Take action to adjust your routine to meet and exceed those standards, get those small but important chores completed, or raise the urgency of the project with your boss.

The vision of the business owner I encountered on the bike trail was surely for patrons to enjoy a carefree ride, not struggle with broken equipment. She wasn't perfect, but she made things right as quickly as she noticed a mistake. Like her, pay attention to what's happening around you, and you'll likely find ways to improve your performance at work.

What have you done to improve your performance at work?

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Guest's picture

You will only get the most out of her career if you get fully involved in all aspects inside and outside the office. I am young and just getting into my job, and I find that I always learn more when I'm interacting with others outside of the office setting rather than in it. Great advice!

Julie Rains's picture

Thanks for your insight. If you really love what you do, it's a pleasure to get together with colleagues outside of normal workdays -- with the bonus (as you mention) of learning even more than you might on the job. Most people are willing to share their knowledge so if you are willing to listen, you can really learn a lot.

Guest's picture

Thank you so much for these great tips! Number 9 is my favorite, but I think all of them will help me.

Julie Rains's picture

Glad the article is useful to you. #9 can improve performance at work plus help you to contribute in any environment (your own business or another employer).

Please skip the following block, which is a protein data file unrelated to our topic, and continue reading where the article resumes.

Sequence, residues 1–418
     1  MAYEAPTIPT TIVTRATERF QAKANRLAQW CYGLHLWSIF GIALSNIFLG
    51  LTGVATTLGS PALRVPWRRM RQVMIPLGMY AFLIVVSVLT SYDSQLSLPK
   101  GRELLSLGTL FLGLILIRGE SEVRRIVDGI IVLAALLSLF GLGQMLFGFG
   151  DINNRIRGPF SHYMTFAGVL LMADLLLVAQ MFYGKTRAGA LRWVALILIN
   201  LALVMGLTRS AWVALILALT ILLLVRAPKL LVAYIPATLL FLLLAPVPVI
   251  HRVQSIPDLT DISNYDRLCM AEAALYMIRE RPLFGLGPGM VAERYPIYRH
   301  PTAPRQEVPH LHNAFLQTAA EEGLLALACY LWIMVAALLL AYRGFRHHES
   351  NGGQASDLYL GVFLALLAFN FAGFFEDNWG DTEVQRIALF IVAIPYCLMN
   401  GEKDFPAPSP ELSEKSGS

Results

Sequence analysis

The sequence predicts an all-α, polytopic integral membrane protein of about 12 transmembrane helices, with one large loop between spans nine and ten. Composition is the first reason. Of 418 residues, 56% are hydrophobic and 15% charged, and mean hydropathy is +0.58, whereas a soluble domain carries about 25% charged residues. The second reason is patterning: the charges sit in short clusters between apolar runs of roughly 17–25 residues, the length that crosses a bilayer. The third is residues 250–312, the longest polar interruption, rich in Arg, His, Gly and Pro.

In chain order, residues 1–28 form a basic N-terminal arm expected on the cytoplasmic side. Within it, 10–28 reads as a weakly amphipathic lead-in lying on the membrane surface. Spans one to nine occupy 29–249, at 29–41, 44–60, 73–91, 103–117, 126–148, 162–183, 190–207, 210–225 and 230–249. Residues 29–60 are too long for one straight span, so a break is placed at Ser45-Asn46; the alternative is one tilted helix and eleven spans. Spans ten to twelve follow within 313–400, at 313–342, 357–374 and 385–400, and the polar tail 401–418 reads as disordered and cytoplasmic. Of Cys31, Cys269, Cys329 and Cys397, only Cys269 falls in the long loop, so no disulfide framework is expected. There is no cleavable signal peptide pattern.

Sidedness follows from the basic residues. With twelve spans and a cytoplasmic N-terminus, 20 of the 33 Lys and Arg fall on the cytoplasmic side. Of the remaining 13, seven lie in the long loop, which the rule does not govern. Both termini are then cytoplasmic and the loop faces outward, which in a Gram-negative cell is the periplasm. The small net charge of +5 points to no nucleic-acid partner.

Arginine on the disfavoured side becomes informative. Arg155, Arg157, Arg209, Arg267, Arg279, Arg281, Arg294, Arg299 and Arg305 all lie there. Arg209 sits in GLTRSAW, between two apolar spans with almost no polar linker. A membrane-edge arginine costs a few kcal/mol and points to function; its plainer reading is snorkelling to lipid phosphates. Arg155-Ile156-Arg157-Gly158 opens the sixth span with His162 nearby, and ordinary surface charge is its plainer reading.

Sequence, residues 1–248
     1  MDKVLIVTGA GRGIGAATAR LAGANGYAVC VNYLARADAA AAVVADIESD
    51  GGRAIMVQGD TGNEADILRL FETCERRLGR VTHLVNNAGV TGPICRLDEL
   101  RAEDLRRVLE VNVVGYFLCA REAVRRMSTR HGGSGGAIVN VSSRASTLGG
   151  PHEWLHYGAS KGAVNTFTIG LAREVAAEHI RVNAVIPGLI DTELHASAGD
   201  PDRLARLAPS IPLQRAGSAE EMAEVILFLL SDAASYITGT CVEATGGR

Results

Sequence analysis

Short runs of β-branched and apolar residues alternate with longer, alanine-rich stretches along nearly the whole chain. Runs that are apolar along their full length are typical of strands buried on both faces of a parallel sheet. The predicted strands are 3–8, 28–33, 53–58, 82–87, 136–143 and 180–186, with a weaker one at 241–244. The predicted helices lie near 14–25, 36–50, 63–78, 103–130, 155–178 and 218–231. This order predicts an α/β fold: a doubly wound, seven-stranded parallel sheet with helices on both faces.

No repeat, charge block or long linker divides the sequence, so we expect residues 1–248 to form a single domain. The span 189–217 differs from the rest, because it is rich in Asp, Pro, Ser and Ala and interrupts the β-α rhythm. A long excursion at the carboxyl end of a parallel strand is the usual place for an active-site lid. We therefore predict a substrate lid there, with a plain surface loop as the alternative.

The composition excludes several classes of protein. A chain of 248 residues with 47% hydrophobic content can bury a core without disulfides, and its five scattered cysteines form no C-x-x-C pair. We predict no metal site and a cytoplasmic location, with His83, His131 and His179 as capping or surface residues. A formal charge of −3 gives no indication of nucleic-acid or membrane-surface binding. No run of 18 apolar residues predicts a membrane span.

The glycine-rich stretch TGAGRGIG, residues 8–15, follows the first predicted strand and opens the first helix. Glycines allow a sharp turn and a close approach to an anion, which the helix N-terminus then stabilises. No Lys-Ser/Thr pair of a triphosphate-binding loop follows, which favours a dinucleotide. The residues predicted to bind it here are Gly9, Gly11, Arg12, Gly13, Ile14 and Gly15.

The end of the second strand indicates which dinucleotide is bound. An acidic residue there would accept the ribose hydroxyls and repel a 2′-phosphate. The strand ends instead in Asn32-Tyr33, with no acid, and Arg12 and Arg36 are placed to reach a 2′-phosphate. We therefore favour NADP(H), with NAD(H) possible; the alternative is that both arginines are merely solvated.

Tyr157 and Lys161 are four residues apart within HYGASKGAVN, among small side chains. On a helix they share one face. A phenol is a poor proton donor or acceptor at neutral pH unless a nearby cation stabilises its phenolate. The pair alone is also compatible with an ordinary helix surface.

Guest's picture

Talking with your customers is probably one of the best ways you can improve your work. Always be open to feedback, and show your customers you care!

Many business owners, managers, and leaders can forget how their customers use the products they are selling, and talking directly with customers is a great way to improve products and service.

Julie Rains's picture

Understanding another person's point of view -- especially your customers! -- is critical. So you are right to say that getting feedback from customers can help improve performance (plus closing that feedback loop to see whether changes identified were implemented successfully). Some mistakes I see companies make in this area are 1) asking just one type of customer; 2) rationalizing company or employee behavior as a defensive tactic. Instead, listen for understanding and then take appropriate action.

Guest's picture

Nice tips! Well, through learning you can improve your performance at work because performing any work without any experience is always a tough task. So in that situation you can learn and apply it practically.

Julie Rains's picture

Thanks for reading! I find that I can learn (and improve) faster if I can apply new concepts to my day-to-day work. Sometimes there is a lag between learning and application but the faster you can close that gap, the better.

Guest's picture
Rama D

I love this article, it was an excellent read. Finding a job is just the beginning, what matters most is being able to perform up to the expectations. I came across this article the other day that I found very helpful as well.


Thanks again for posting this.
Rama D

Guest's picture

I like what said about automating one aspect of work. I work for Barnet Removals as a customer service representative. I received daily requests from customers and noticed a pattern in the way customers ask for our services. In order to more effectively respond to those requests I wrote templates of ready answers and saved them on TXT file. Now when customers email me I used those templates to reply to their emails. It improved the speed in which I can respond to my customers and increased the number of customers I can process daily.

Guest's picture

A great article with great tips. What do you think about making a schedule for the day-to-day work? Would this be improvement in the efficiency or it will limit the freedom of work?